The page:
Know Your Dog's Fitness Level and Abilities
Obviously, if you've got a Husky, St. Bernard, Pyrenees Mountain dog or some other breed that's got snow-caked DNA, you're good to go (as long as your pet is fit). But no matter the breed, assess Princess' fitness level and choose a route best suited to her. If you're unsure, start out on short excursions to see how she fares. Remember that romping through the snow is more physically demanding on her than it is on you. The good news is that later on, back at home, she'll spend the entire evening snoozing by the fire, content and wiped out from your shared adventure.
Your Dog Must Be Under Your Control
If Spot's the naughty type and never listens to you, he stays at home until you've done some more training or enrolled both of you in an obedience class. You can leash him to your body on cross-country skis (skijoring: it's cross-country skiing meets dog-sledding and working dogs love it) and you can snowshoe with a leash, but if you're on a trail that doesn't require you to leash—or if you're just out in the wilderness—it's more fun to see Spot run, experiencing all that a white winter has to offer.
So make sure he responds to his name, comes when he's called, heels, halts and doesn't go after every single animal he comes across (including and especially other dogs).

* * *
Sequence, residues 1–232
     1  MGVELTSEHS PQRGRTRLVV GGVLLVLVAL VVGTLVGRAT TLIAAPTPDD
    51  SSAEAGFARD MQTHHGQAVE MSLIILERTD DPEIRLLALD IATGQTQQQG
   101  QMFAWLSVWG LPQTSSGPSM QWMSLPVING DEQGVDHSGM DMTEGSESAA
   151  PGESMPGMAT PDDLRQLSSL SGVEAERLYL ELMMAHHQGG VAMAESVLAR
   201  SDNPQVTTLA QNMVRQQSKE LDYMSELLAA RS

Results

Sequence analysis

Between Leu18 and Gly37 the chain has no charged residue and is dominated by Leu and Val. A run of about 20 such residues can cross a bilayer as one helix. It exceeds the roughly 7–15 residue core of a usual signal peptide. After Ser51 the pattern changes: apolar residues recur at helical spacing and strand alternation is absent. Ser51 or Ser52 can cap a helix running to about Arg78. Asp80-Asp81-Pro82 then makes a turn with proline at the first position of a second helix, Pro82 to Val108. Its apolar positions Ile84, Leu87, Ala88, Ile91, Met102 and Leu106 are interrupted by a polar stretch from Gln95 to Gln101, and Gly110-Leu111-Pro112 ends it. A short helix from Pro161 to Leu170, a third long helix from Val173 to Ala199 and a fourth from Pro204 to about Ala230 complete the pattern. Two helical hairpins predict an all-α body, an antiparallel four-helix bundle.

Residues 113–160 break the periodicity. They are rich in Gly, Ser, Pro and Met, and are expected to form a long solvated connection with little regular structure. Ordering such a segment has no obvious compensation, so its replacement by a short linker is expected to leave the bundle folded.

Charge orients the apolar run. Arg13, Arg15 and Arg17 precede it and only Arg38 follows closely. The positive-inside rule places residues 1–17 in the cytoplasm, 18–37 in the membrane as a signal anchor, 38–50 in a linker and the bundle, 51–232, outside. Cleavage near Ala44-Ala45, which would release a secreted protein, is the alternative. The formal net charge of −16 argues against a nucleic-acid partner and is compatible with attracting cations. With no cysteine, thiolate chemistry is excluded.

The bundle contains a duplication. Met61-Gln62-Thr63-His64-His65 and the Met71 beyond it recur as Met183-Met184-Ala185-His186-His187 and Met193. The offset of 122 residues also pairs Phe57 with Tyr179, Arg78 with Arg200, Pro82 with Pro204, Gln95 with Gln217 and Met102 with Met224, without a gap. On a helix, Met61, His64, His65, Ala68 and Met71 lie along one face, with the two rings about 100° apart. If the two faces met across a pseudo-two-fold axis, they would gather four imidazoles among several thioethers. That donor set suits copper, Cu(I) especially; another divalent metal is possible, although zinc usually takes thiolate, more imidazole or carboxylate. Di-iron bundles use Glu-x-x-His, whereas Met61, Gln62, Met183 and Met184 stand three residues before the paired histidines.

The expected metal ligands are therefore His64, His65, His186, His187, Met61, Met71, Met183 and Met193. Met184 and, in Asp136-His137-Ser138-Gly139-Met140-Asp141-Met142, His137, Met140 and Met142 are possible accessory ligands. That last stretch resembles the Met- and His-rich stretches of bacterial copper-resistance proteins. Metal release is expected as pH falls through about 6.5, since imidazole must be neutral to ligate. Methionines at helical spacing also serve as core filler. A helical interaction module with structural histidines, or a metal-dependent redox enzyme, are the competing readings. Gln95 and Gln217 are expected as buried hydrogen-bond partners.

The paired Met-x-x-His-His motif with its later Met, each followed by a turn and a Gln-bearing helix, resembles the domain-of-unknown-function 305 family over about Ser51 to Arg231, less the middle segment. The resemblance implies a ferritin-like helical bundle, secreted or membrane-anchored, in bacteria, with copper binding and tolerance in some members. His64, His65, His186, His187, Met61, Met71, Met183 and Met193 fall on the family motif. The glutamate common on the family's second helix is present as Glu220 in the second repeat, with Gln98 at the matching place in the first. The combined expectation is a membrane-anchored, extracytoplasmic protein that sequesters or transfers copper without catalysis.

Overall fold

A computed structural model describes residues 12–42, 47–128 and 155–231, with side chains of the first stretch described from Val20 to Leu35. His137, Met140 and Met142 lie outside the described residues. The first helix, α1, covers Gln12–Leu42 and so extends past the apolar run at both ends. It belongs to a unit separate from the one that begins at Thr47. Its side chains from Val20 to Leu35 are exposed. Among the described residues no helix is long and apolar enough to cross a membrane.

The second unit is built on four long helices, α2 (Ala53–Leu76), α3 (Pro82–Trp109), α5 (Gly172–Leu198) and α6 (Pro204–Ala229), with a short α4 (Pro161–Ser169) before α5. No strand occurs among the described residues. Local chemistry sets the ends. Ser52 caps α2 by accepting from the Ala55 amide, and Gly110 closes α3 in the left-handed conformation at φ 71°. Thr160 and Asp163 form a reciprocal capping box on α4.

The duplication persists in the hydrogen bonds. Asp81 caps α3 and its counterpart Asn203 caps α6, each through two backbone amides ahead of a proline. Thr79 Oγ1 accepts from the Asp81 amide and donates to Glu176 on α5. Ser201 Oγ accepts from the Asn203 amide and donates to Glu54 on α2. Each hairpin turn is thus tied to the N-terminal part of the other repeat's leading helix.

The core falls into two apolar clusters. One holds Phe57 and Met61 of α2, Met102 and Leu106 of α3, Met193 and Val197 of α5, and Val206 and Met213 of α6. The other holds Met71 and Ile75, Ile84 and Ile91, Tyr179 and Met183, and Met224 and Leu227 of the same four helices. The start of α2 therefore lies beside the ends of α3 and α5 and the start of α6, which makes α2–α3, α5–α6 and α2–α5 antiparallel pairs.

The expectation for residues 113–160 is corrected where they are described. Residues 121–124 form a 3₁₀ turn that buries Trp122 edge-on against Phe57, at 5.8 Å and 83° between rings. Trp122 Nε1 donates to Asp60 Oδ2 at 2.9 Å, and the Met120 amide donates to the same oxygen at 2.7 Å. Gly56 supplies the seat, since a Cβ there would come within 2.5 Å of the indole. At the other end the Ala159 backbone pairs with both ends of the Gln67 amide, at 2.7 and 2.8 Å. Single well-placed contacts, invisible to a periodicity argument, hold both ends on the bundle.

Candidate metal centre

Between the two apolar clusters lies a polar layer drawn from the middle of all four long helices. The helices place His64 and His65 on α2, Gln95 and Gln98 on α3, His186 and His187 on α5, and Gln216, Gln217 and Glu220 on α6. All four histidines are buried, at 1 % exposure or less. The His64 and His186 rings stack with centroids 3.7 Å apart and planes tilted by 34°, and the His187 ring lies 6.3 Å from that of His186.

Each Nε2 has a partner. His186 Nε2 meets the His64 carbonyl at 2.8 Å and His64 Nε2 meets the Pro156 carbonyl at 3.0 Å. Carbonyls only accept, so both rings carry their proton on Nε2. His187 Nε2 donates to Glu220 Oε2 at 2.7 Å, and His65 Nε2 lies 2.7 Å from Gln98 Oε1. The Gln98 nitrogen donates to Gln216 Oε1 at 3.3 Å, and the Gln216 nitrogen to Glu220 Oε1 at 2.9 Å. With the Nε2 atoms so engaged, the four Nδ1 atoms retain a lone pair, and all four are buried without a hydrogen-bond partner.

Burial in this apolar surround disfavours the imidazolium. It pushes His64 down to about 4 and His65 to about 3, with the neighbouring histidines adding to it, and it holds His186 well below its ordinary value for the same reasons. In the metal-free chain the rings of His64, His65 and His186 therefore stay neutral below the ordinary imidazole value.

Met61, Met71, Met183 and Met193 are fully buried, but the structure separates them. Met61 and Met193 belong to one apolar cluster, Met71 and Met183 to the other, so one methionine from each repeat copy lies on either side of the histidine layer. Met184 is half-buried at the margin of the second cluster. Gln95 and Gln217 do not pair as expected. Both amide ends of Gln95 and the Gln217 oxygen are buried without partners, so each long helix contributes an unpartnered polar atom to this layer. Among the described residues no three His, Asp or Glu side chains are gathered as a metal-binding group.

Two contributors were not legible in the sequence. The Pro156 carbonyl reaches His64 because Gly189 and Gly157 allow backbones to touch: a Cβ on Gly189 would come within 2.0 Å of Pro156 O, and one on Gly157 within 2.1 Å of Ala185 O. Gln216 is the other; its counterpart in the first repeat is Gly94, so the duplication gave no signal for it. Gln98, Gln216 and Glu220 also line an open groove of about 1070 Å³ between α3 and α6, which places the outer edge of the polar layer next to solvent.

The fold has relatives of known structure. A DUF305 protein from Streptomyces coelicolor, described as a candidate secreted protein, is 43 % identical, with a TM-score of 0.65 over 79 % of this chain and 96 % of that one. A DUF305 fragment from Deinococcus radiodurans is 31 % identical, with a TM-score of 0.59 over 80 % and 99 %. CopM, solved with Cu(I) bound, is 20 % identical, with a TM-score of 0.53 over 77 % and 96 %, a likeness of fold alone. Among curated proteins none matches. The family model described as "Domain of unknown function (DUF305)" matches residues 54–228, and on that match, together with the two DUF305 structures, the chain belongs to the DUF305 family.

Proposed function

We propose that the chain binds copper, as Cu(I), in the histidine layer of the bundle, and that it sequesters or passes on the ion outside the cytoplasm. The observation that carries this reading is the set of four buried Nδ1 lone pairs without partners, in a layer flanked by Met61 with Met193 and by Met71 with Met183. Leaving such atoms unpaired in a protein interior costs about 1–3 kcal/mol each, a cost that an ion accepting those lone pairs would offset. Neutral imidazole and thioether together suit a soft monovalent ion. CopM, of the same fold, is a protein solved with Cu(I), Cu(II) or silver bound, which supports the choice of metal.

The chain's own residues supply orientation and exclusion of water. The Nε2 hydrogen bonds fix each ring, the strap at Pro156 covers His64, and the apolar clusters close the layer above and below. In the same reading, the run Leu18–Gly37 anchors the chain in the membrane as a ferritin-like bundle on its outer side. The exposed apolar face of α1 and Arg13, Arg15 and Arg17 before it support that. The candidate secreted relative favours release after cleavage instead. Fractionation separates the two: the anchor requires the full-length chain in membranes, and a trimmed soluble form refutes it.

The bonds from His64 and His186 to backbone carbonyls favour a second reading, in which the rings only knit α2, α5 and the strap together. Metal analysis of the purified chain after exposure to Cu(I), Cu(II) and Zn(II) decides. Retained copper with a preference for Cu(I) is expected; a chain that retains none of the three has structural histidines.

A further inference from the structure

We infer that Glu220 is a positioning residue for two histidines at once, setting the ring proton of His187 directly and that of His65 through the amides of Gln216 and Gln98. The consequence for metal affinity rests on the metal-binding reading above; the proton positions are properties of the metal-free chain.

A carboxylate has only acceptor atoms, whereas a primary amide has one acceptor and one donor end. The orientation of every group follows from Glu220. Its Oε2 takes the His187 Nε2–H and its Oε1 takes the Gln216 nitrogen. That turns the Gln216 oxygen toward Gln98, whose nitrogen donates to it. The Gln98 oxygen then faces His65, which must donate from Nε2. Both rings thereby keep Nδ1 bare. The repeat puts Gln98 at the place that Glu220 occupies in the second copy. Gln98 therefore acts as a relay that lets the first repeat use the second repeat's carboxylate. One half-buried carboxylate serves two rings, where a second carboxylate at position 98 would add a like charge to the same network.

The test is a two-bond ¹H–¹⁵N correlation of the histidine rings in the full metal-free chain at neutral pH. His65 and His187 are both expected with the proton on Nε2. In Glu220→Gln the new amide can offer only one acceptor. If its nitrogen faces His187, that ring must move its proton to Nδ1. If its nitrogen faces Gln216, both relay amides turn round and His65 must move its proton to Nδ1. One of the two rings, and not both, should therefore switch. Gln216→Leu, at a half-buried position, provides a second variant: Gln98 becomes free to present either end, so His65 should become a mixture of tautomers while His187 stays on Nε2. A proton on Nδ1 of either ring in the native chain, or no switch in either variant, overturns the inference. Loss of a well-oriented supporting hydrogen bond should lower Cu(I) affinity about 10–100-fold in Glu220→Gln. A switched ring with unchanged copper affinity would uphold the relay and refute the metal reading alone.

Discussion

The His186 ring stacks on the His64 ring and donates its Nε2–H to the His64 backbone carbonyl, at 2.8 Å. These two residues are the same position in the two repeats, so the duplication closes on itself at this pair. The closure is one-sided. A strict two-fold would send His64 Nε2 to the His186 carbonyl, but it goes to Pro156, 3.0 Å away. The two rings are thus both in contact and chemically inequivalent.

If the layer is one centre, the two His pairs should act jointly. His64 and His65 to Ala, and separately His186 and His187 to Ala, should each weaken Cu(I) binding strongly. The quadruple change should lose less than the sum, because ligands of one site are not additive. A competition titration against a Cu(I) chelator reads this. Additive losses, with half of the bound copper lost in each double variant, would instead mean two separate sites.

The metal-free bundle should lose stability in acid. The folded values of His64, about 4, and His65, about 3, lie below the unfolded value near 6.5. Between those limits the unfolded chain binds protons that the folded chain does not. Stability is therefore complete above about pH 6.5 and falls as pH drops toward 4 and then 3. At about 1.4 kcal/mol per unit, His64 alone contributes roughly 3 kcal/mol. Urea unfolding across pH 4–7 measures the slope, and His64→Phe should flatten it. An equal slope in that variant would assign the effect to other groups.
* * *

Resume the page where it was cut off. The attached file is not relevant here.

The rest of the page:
Pick Up After Your Pet
Especially if you're on a public trail system. No one wants to get poop all over their skis or snowshoes. Practice dog etiquette.
Take Care of the Paws
Snow and ice can get stuck between the pads and chafe, cut, freeze or cause loss of traction. Keep nails cut short and the fur between the toes trimmed (but not too short). Different kinds of dog booties and even snowshoes are also available for paw-protection. If you go without booties, check paws frequently during your outing.
And when you get home, let your pup's paws defrost in the warmth of the indoors. You can even buy some dog paw salve and apply it to his or her pads before bed to heal cracks or dryness. Or purchase "musher wax" (designed for sled-dogs) to apply before your jaunt to prevent snow clumps.
Monitor Your Dog's Health During Your Excursion
No matter what age she is, keep an eye out for frostbite or hypothermia. Telltale signs are shivering, lethargy, slower breathing, loss of coordination or dilated pupils. You can even dress her in a dog coat if she's got short hair or is more susceptible to getting cold than other dogs.
Doggie bags, foldable water bowls (your dog can also eat snow when she's thirsty but you whould have unfrozen water anyway), treats and some kibble to refuel always come in handy. If you're going on a big excursion, a first aid kit and extra supplies in case of unforeseen incidents are a good idea. You can also bring a mat for your dog to sit on when you take breaks so that she doesn't get wet and cold while you're resting.
Be Ultra-Aware of Hunting Season Rules
If hunting is allowed where you and Rex plan to romp, know all the rules, regulations, dress him in a hunter-orange vest and make lots of noise wherever you go. You never want to deal with worst-case scenarios.
Christina Scannapiego is the Outdoors editor for Active.com.